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Dallas in Dallas County, Texas — The American South (West South Central)
 

Tenth Street Historic District Freedman's Town

 
 
Tenth Street Historic District Freedman's Town Historical Marker image. Click for full size.
Photographed By QuesterMark, September 17, 2016
1. Tenth Street Historic District Freedman's Town Historical Marker
Inscription.  The first African Americans to live in Oak Cliff were slaves, brought here by settlers such as William H. Hord in 1845 to work the land. The neighborhood that grew here became known as the Tenth Street District. An important African American enclave within the historically white community of Oak Cliff. It was not until after the Civil War that the Freedman's Town began to grow and thrive. Records differ as to when and how quickly African Americans settled here, but by 1900, Oak Cliff contained more than 500 African American residents, almost a sixth of the town's population. Segregation forced the development of a separate commercial district. The community thrived, and even gave rise to famous entertainers like the noted blues artist, T-Bone Walker, an d1960 Olympic Gold Medal decathlete Rafer Johnson.

Though the community continued to maintain a strong African American heritage, the construction of IH-35 east in 1955 and integration in the 1960s resulted in the demolition of around 175 original and influenced residents to seek opportunities elsewhere. Residential buildings date to as early as 1910 and are relatively unchanged. Oak
Tenth Street Historic District Freedman's Town Marker image. Click for full size.
Photographed By QuesterMark, September 17, 2016
2. Tenth Street Historic District Freedman's Town Marker
in the front yard of the N.W. Harllee Early Childhood Center.
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Cliff Cemetery, established in 1846 by settler William Beaty, is within the heart of the district near the 1928 N. W. Harllee School. Other significant buildings include the 1889 Sunshine Elizabeth Chapel CME (demolished 1999) and the 1886 Greater El Bethel Baptist Church. The degree to which these historic buildings remain standing and in good repair marks the Tenth Street area as one of the more well-preserved African American communities of this time period remaining in the Dallas Metropolitan area. Oak Cliff's Tenth Street Historic District was listed in the National Register of Historic Places in 1994 in recognition of its cultural significance and architectural value.
Marker is Property of the State of Texas

 
Erected 2015 by Texas Historical Commission. (Marker Number 18318.)
 
Topics and series. This historical marker is listed in these topic lists: African AmericansArchitecture. In addition, it is included in the Christian Methodist Episcopal (CME) Church series list. A significant historical year for this entry is 1845.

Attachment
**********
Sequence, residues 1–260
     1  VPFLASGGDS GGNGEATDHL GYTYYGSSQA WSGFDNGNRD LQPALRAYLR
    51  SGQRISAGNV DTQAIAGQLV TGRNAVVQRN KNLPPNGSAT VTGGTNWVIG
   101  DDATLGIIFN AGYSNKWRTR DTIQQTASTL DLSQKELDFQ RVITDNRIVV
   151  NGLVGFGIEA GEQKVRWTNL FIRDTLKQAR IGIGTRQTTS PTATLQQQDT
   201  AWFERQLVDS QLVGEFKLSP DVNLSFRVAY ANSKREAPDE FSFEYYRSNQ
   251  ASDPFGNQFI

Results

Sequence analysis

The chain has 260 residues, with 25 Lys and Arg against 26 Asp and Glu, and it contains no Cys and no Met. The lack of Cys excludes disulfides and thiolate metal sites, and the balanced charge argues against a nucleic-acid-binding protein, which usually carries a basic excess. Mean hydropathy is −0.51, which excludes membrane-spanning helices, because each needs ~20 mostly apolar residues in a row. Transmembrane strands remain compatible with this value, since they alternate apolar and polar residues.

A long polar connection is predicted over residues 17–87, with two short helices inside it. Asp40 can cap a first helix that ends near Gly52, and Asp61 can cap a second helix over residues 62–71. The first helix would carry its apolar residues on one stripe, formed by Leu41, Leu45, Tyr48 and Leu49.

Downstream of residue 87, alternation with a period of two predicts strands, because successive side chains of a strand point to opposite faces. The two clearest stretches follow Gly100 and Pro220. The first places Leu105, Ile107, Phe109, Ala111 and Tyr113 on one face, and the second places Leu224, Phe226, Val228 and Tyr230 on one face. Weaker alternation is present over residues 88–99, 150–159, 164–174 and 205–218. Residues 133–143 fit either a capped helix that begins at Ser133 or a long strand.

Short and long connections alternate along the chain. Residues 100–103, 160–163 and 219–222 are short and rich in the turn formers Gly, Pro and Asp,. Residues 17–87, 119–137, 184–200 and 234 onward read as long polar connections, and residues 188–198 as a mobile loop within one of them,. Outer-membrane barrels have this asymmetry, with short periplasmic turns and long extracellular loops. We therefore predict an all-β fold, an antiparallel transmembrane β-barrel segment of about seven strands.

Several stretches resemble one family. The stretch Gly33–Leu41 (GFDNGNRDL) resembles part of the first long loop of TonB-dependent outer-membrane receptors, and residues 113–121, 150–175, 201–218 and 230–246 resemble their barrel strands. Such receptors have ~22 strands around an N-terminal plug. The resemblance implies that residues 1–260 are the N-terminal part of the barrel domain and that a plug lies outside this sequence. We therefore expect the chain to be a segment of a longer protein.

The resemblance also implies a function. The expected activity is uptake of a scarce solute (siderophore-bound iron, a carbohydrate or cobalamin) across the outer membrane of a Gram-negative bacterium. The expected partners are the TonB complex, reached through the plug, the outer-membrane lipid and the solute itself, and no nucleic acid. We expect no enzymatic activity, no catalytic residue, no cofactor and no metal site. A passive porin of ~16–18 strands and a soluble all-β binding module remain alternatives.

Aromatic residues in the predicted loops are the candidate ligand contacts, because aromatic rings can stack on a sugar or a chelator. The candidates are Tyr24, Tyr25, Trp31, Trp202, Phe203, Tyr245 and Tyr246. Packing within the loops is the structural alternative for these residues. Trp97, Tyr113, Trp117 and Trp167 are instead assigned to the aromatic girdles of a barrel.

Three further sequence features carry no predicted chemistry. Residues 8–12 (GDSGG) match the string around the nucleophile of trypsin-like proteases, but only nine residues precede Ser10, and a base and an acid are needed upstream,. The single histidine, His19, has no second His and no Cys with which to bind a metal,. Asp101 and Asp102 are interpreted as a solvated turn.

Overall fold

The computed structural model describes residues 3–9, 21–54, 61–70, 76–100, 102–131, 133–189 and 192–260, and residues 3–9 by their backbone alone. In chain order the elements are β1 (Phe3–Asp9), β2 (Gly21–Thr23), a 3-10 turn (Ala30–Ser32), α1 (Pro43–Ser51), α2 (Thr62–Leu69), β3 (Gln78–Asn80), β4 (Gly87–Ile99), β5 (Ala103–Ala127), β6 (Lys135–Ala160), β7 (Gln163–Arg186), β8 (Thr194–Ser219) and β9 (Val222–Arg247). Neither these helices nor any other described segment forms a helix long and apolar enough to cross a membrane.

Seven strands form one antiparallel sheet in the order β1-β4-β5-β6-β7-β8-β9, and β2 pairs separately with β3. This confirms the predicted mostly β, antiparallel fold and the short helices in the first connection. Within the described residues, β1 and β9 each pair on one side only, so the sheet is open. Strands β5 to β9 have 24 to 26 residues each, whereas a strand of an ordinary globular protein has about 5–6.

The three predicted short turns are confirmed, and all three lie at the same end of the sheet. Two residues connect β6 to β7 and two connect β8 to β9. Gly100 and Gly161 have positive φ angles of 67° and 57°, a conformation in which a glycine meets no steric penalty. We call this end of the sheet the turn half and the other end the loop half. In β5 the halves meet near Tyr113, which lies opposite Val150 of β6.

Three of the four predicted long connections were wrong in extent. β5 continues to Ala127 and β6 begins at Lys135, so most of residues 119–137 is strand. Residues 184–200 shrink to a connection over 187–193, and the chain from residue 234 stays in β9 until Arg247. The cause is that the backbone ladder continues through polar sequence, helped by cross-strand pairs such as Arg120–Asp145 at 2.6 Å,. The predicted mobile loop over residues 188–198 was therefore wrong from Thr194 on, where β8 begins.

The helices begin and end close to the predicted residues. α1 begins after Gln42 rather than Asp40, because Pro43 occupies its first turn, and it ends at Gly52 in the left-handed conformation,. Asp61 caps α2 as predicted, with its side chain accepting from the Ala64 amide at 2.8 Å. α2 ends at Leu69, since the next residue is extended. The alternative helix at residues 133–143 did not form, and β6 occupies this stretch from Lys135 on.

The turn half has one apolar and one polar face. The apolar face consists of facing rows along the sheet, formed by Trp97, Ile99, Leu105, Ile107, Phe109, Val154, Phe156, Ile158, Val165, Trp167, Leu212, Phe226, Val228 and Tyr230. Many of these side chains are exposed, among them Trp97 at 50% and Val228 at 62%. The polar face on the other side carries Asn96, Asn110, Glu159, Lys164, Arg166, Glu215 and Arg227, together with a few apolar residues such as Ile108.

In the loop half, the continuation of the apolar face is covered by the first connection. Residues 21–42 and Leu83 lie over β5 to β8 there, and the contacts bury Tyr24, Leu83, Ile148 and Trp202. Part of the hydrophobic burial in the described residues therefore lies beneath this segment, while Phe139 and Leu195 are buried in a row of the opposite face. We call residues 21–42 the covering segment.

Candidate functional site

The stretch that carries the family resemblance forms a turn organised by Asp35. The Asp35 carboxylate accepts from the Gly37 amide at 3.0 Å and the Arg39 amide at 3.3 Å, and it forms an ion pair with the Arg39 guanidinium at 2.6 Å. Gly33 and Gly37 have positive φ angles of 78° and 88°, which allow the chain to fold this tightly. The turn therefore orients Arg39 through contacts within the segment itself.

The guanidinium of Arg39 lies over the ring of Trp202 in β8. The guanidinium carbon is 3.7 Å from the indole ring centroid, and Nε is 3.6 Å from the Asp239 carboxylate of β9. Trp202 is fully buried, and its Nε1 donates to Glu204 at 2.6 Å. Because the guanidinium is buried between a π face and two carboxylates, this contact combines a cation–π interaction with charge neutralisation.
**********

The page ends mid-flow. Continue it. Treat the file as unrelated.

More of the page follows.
Location. 32° 45.073′ N, 96° 48.367′ W. Marker is in Dallas, Texas, in Dallas County. Marker is at the intersection of East Eighth Street and Anthony Street, on the right when traveling east on East Eighth Street. Touch for map
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. Marker is at or near this postal address: 1216 E Eighth St, Dallas TX 75203, United States of America. Touch for directions.
 
Other nearby markers. At least 8 other markers are within walking distance of this marker. Oak Cliff Cemetery (about 300 feet away, measured in a direct line); Oak Cliff United Methodist Church (approx. 0.6 miles away); Colonel William G. Cooke (approx. Ύ mile away); Officer J.D. Tippit (approx. 0.8 miles away); Samuel David Dealey, Jr. (approx. 0.9 miles away); Frank Reaugh (approx. one mile away); W.H. Adamson High School (approx. one mile away); Dallas Zoo (approx. one mile away). Touch for a list and map of all markers in Dallas.
 
More about this marker. The dedication ceremony for this marker was held September 17, 2016 at 10 AM, sharing the event with the ribbon cutting for the N.W. Harllee Early Childhood Center, in front of which it stands. The historical marker was produced through the Texas Historical Commission's "Undertold Marker" program.
 
 
Credits. This page was last revised on September 23, 2016. It was originally submitted on September 22, 2016, by QuesterMark of Fort Worth, Texas. This page has been viewed 456 times since then and 115 times this year. Photos:   1, 2. submitted on September 22, 2016, by QuesterMark of Fort Worth, Texas. • Bernard Fisher was the editor who published this page.

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Oct. 5, 2022